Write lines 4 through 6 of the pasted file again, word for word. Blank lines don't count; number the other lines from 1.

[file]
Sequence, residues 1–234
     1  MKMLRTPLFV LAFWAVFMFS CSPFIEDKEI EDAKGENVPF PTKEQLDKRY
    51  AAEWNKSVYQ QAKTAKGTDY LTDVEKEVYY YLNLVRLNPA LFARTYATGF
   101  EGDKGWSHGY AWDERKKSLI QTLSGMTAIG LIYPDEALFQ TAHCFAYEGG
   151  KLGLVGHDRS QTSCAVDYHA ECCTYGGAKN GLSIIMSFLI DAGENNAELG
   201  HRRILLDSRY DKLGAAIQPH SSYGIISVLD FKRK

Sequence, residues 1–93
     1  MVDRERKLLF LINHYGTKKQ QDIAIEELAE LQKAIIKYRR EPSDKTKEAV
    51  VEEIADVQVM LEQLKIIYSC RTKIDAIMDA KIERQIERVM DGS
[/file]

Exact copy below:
   101  EGDKGWSHGY AWDERKKSLI QTLSGMTAIG LIYPDEALFQ TAHCFAYEGG
   151  KLGLVGHDRS QTSCAVDYHA ECCTYGGAKN GLSIIMSFLI DAGENNAELG
   201  HRRILLDSRY DKLGAAIQPH SSYGIISVLD FKRK